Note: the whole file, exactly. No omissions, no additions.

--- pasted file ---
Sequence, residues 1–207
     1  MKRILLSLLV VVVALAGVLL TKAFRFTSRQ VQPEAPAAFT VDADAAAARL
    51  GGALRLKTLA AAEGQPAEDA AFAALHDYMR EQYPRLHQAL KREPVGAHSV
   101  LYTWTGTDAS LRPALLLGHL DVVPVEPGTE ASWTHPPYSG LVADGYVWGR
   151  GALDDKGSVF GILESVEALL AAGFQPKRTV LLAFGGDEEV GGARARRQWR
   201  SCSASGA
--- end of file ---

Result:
Sequence, residues 1–207
     1  MKRILLSLLV VVVALAGVLL TKAFRFTSRQ VQPEAPAAFT VDADAAAARL
    51  GGALRLKTLA AAEGQPAEDA AFAALHDYMR EQYPRLHQAL KREPVGAHSV
   101  LYTWTGTDAS LRPALLLGHL DVVPVEPGTE ASWTHPPYSG LVADGYVWGR
   151  GALDDKGSVF GILESVEALL AAGFQPKRTV LLAFGGDEEV GGARARRQWR
   201  SCSASGA